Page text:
New Delhi — Mute testament to the vanity of greatness, the once-resplendent city “bungalow” of the maharajahs of Bikaner stood forlorn for decades, a sad old heap at the center of this city.
After India’s independence and the abolition in the 1970s of the last vestiges of the princely feudal system, Bikaner House was vacated by its noble tenants and put to civic use. Unlike other similar palaces — the poetic pink sandstone Jaipur House, say, now the National Gallery of Modern Art — Bikaner House met a drearier fate as government offices and a bus depot.
So it remained until Vasundhara Raje, the first woman chief minister of Rajasthan — the storied desert state in the country’s northwest — petitioned the courts to move agencies like the National Tiger Conservation Authority to elsewhere.
She then set about transforming the vast pile set behind walls, just a short distance from the monumental India Gate, into a cultural center, one replete with gallery spaces, a place for concert halls and a proposed new restaurant.
Here you can also find Vayu, a new, world-class store that hints at the future of retailing in India.
To comprehend how welcome Vayu (named for the Hindu deity of wind) is in the context of this sprawling and booming city, it probably helps to visualize a retail scene that has been dominated by high-end shopping complexes resembling dusty markets or the massive, Western-style malls that have metastasized like a glass-walled blight.
High-ceilinged and serene amid the tumult of New Delhi, Vayu comprises a series of whitewashed chambers on the ground floor of Bikaner House. The store is the brainchild of Vivek Sahni, a seasoned design entrepreneur, and Dave Chang, a partner of Mr. Sahni’s in Kama, a wildly successful Ayurvedic treatment line, and it came about almost by happenstance.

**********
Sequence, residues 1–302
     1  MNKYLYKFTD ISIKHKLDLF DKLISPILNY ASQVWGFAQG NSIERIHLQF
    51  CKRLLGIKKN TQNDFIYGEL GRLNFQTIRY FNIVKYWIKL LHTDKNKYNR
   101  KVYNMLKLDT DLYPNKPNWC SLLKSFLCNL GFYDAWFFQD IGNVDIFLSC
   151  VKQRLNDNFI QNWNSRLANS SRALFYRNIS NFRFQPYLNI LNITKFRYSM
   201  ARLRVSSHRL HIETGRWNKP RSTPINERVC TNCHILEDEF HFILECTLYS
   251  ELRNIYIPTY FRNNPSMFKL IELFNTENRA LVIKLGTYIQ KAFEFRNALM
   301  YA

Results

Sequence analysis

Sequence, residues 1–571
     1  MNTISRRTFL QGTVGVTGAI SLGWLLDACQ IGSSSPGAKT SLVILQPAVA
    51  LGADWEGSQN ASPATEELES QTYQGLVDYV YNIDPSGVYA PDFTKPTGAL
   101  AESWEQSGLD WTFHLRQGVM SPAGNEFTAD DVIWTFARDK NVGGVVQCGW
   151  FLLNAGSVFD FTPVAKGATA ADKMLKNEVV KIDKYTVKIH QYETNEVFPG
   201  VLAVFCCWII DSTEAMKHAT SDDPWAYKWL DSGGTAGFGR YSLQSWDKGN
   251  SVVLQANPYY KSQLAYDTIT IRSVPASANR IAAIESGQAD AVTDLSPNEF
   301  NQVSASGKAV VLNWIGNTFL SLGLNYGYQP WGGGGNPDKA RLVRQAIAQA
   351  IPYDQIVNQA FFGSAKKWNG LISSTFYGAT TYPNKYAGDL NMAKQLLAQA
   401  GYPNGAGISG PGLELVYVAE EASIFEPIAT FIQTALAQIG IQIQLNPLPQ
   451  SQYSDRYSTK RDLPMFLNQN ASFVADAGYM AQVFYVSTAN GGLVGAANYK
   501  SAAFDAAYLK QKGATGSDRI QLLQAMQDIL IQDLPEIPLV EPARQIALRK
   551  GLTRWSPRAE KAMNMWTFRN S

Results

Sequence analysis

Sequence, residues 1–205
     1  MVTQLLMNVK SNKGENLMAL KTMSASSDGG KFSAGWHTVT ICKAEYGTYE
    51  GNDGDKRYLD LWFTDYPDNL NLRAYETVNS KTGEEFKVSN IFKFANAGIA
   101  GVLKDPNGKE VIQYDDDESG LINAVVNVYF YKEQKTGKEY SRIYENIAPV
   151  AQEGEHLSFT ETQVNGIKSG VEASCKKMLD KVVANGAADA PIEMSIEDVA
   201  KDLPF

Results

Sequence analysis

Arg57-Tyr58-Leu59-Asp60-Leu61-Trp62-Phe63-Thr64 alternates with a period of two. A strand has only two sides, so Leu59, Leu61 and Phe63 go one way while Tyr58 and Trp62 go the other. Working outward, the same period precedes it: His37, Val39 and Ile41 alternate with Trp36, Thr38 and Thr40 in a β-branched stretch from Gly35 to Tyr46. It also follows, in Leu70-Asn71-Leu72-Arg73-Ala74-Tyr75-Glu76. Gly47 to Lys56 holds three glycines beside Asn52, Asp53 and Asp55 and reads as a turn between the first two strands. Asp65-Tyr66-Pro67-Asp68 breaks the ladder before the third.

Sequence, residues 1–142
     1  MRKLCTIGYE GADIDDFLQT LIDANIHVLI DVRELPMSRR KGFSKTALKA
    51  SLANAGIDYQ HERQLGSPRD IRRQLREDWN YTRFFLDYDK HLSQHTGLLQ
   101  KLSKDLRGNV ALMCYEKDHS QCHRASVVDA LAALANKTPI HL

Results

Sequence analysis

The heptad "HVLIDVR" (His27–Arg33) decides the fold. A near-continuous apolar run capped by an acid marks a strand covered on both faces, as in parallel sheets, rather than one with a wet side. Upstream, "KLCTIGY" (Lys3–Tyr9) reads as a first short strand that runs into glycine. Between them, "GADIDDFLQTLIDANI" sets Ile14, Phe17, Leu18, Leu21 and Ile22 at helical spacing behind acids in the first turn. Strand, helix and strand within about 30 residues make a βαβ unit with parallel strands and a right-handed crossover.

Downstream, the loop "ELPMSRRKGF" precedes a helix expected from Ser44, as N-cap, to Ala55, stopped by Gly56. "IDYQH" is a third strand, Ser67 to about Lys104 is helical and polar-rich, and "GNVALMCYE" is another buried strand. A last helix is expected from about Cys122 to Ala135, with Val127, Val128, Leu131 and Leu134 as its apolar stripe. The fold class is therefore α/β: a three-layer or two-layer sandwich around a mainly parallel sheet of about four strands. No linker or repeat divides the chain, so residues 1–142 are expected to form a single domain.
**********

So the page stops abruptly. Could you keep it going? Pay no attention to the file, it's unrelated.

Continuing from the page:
“The government had been offering the space for a store, and nobody expressed interest,” Mr. Sahni said over drinks in the upscale Sunder Nagar area of New Delhi, adding that a former bus stop was not a promising prospect for a retail establishment. “Finally, I tendered for it and got it, and then realized that we’re not shopkeepers. We’re an Ayurveda company. I wasn’t really sure what to do with it.”
The solution came quickly enough. Mr. Chang, a designer of Chinese-Indian ancestry raised in the West Indies, drew on some famous cloud-covered chambers in the Bikaner palace to create the airy rooms that the Brown Paper Bag blog called a “much more interesting bohemian trustafarian’s residence.”
To complete the rooms, Mr. Chang designed slick brass and stone occasional furniture and glass-sided vitrines, and covered the floor with reed matting. Then he handed the space off to Mr. Sahni.
Mr. Sahni has stocked the store with brass devotional objects, tantric diagrams, books, amethyst bowls, refurbished midcentury furniture, antique brass boxes and toys from the Indian state of Orissa, custom-made lacquer Cambodian lamps and a selection of fine objects made by the traditional craftspeople vanishing from the scene in this rapidly modernizing nation of 1.26 billion.
“It had to be Indian things, things that were naturally made, and not synthetic,” Mr. Sahni said. “And we didn’t want to make things overpriced.”
Adding clothes from established designers like Abraham & Thakore (celebrated in India and too-little known beyond its borders) as well as from newer labels like White Champa, the Udaipur-based Aavaran, and Lacquer Embassy, Mr. Sahni and Mr. Change have created an intimate store unlike any this visitor has encountered over two decades of traveling to India.
“We wanted it to feel like you’re entering a house,” Mr. Sahni said. “The idea was to be slightly intimate, but not so cluttered up that you can’t react to the objects, the colors, the designs, and to find things pleasing both to your eye and your other senses.”
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